T-Mobile and AT&T are following Verizon in incentivizing customers to make auto-pay bill payments using debit cards or bank accounts, as opposed to credit cards.
The three major U.S. telecommunications companies have told customers in recent months that they will only be able to keep all, or at least part of, their discounts under auto-pay programs if they switch to debit cards or bank account payments.
In July, T-Mobile notified its business and consumer account users that they would need to update their payment methods by Aug. 16 to debit cards or bank accounts if they wished to continue receiving a $15 discount under its autopay program.
“To continue receiving the $15 AutoPay discount, you must update your payment method to a debit card or a bank account,” T-Mobile emails to business-account customers said in late July and August. T-Mobile’s AutoPay discount is $5 per line for up to eight lines.
T-Mobile confirmed the changes to Payments Dive in an email, saying they will affect both business and consumer accounts. “We’re continuing to streamline payment methods and have made some changes to the AutoPay discount eligibility for consumers and businesses,” the telecom’s statement said. “The majority of our customers use their bank account or debit card for AutoPay and will continue to get a discount.”
Meanwhile, AT&T plans to lower, but not yet eliminate, the monthly discount its AutoPay customers will receive if they use a credit card, cutting that discount to $5 per phone line, down from $10, starting on Oct. 2, according to an AT&T support page. That includes consumers who have an AT&T Points Plus Card from Citi. To keep the AutoPay discount, customers need to update their payment type to a debit card or bank account.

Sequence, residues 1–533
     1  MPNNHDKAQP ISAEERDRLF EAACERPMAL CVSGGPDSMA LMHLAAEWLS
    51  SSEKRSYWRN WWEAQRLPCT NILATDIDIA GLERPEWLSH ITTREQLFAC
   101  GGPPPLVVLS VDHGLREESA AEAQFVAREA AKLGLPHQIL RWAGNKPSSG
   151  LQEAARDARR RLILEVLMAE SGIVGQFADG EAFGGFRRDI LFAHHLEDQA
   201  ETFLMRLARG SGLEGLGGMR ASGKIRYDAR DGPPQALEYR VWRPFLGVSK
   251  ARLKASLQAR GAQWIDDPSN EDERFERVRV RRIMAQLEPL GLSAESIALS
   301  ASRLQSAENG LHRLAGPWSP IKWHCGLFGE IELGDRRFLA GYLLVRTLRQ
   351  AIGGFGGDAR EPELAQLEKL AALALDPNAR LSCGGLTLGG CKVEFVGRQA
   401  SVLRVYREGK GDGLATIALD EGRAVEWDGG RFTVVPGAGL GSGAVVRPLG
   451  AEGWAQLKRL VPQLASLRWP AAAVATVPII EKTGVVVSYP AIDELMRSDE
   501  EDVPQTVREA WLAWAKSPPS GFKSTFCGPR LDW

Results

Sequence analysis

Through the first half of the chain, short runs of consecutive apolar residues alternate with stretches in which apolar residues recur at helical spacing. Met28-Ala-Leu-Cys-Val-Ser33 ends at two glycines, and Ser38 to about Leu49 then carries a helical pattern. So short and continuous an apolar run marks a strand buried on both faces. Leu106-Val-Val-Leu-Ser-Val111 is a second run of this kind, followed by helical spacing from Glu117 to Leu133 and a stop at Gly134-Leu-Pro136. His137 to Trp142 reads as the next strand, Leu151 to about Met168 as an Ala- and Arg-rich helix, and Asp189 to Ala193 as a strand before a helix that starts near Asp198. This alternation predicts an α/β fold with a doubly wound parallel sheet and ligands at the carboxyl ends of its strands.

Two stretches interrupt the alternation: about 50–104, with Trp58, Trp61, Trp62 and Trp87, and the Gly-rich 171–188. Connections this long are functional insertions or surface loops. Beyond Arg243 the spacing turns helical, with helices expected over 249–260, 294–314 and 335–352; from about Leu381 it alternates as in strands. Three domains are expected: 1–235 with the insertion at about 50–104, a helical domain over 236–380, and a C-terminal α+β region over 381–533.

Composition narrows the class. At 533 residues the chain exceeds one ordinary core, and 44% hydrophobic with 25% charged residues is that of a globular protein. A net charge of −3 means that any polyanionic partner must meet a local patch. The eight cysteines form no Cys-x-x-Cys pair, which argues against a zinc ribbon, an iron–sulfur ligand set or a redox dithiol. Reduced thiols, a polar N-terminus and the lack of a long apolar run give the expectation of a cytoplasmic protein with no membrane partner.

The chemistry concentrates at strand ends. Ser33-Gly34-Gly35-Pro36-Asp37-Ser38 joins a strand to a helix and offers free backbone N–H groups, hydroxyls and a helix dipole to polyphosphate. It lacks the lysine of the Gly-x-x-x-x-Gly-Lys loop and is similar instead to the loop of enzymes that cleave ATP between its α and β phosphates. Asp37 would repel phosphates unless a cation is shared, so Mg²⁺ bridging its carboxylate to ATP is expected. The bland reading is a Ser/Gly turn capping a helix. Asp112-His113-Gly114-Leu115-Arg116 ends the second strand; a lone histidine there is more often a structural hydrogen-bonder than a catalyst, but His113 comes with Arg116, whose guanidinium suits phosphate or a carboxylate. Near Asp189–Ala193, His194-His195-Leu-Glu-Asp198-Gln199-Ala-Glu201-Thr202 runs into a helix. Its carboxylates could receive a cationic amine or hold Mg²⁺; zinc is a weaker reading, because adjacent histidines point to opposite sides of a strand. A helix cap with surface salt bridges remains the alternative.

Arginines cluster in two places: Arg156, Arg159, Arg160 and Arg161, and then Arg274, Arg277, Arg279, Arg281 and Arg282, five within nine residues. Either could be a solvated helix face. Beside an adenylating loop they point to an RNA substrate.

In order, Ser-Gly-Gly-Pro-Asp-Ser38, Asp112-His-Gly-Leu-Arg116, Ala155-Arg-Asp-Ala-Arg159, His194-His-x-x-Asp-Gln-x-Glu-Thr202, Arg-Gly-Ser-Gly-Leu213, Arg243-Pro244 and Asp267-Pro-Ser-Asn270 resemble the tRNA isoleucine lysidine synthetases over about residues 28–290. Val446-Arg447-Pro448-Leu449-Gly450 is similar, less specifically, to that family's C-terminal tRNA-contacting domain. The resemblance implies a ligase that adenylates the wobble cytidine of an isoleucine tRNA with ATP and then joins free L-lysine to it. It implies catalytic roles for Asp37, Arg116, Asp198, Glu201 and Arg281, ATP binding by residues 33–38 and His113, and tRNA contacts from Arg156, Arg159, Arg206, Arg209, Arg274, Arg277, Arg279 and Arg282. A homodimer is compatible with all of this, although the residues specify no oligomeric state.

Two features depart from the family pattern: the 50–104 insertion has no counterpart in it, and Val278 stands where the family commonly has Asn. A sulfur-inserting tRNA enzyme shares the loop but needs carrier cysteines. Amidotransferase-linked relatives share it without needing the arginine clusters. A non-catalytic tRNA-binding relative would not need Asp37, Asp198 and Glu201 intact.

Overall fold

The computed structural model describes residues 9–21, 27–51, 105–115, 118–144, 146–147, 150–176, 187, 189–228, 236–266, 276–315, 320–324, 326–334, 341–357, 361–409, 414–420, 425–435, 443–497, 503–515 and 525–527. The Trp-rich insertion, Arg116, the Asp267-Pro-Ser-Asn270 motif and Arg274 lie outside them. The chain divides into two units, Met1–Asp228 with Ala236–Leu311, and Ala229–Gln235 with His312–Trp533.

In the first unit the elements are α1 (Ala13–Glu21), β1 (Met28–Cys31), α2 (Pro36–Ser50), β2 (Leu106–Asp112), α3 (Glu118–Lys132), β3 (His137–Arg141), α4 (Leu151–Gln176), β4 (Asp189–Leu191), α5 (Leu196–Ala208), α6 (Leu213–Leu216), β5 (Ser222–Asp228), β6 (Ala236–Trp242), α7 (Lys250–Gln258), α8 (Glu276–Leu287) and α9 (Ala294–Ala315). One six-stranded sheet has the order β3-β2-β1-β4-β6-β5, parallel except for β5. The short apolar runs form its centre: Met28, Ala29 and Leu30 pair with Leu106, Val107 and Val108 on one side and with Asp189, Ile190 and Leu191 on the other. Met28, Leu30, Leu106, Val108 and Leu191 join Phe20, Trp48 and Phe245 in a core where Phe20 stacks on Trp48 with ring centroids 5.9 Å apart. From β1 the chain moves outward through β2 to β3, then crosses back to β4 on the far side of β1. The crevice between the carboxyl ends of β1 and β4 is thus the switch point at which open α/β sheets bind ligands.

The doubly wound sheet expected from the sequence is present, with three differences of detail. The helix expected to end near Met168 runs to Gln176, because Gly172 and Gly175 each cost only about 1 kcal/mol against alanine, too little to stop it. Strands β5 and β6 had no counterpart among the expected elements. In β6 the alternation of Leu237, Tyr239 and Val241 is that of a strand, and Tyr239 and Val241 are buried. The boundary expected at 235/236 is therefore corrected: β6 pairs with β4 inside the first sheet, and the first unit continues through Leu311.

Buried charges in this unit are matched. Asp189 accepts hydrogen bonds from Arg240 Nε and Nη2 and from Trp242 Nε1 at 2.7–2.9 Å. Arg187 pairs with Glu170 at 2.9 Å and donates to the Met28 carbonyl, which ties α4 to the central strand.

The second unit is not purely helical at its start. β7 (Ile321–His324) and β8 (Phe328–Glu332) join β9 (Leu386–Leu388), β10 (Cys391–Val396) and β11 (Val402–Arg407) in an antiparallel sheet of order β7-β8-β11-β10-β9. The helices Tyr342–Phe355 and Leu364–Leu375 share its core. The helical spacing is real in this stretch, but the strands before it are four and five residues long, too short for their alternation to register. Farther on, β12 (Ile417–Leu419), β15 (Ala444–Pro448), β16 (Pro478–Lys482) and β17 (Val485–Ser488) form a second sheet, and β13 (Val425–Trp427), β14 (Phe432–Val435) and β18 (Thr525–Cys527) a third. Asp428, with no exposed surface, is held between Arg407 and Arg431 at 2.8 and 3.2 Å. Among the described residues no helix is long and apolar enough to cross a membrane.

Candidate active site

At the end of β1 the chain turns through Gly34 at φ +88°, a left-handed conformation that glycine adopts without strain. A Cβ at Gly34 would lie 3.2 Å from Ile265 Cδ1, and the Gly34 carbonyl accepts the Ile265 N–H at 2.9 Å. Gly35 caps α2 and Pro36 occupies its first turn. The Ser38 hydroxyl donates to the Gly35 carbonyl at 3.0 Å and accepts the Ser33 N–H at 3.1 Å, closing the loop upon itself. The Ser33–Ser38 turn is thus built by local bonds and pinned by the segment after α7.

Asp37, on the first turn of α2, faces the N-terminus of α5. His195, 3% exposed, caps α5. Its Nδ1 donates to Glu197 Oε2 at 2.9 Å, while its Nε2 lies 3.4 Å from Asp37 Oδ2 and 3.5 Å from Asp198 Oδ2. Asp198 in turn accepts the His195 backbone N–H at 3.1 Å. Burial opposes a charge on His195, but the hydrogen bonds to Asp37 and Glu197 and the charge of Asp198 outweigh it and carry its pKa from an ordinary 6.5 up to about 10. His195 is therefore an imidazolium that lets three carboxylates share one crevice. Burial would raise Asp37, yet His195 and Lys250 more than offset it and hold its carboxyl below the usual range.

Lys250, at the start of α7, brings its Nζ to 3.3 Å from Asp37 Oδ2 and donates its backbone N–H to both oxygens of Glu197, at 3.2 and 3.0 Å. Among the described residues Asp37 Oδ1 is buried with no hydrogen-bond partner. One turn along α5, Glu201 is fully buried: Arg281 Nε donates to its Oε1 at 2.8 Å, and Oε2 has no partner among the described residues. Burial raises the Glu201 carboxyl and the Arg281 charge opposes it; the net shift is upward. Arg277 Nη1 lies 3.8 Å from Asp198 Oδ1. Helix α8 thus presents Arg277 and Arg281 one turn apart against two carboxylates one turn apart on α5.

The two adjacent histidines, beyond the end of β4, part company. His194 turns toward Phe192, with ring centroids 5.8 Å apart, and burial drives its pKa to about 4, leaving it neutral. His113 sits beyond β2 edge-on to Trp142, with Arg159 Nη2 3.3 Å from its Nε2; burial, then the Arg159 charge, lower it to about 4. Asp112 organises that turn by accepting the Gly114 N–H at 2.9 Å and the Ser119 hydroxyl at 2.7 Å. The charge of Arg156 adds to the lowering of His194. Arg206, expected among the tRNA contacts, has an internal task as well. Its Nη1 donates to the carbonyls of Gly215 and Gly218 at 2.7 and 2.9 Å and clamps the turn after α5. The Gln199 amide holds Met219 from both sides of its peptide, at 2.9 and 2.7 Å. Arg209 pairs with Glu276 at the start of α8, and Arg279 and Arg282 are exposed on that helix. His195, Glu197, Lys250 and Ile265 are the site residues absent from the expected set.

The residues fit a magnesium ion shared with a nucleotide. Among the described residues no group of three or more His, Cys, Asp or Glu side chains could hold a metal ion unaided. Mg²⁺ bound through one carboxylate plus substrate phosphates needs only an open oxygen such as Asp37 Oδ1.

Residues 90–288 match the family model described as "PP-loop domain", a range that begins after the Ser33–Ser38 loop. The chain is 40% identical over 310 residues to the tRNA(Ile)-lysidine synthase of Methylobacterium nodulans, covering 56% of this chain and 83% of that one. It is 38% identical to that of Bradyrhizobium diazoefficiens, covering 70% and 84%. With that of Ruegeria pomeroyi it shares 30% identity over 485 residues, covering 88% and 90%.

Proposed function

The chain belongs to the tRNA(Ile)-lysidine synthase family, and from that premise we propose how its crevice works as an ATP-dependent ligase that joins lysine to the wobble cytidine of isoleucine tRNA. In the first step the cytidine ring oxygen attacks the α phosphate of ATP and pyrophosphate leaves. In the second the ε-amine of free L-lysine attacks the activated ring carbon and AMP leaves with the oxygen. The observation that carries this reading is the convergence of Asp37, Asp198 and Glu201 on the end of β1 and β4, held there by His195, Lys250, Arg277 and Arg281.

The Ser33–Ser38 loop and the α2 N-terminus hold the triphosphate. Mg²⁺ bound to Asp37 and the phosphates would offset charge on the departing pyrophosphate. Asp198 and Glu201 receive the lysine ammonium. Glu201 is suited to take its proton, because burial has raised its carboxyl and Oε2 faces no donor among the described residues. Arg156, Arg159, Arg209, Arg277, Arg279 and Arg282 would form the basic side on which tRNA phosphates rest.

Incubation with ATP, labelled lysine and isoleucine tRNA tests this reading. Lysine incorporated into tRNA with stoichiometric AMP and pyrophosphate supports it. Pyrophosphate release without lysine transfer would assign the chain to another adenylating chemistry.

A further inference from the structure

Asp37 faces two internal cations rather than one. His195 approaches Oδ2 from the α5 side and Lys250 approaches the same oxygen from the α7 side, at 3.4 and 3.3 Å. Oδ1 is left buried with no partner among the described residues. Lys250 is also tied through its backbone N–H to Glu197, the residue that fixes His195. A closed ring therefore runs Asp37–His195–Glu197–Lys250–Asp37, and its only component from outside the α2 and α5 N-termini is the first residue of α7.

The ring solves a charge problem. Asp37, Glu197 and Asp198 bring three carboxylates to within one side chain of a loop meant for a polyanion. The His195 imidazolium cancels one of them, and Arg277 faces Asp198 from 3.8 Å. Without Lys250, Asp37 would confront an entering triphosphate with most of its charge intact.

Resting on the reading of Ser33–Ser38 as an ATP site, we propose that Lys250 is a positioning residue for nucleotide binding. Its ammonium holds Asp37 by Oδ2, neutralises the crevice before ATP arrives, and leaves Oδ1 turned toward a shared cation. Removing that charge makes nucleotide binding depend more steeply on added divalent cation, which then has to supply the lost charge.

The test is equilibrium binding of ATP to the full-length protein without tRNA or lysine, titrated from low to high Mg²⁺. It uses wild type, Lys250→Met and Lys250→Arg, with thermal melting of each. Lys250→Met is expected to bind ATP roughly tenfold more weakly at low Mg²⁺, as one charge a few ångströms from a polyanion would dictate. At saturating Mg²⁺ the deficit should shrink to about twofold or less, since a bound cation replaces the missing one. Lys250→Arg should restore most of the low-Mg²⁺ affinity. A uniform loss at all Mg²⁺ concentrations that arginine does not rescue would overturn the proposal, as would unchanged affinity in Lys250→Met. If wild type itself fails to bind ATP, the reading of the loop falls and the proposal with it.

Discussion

In an email to Payments Dive, AT&T reiterated that pricing structure, saying that AutoPay customers using the -paperless billing plan will continue to receive a $10 discount when using a bank account or debit card. “Effective Oct. 2, we will reduce the AutoPay and Paperless Billing discount from $10 to $5 for wireless customers who pay with a credit card and are billed at the line level,” the carrier said.
Verizon was the first to require customers to link to a debit card or a bank account to receive a $10 monthly AutoPay discount with some phone plans, unless they use Verizon’s Visa Card. A 2022 USA Today report shows that the carrier has required this payment type for at least a year.
Verizon did not respond to questions emailed to the company by Payments Dive.
Analysts who cover the payments and telecom industries say the reason the carriers are pushing customers away from credit cards is so they can save money on the interchange fees paid to credit card networks.
“First and foremost, it is definitely to avoid the fees,” says Keith Snyder, senior industry analyst covering telecoms for CFRA Research. “That’s a direct hit to these companies’ bottom line,” he said. “It's an expense that they can now theoretically get rid of by forcing customers over to (debit cards).”
David Koning, senior research analyst covering financial technology, payments and services for the investment firm Robert W. Baird, says the debit interchange fee is 21 cents, plus a penny for fraud costs, plus five basis points, while the credit card interchange fee can range between 1.6% to 1.8%.
“On a $100 transaction that could be $1.60, a $1.80 instead of 30 cents,” Koning explained. “So that really is the difference.”
Some members of Congress have been exploring new curbs on credit card fee practices, with U.S. Sens. Dick Durbin (D-IL) and Roger Marshall (R-KS) proposing the Credit Card Competition Act earlier this year to rein in interchange, or “swipe,” fees. While the bill failed in the prior congressional session, it has attracted more Republican support this year.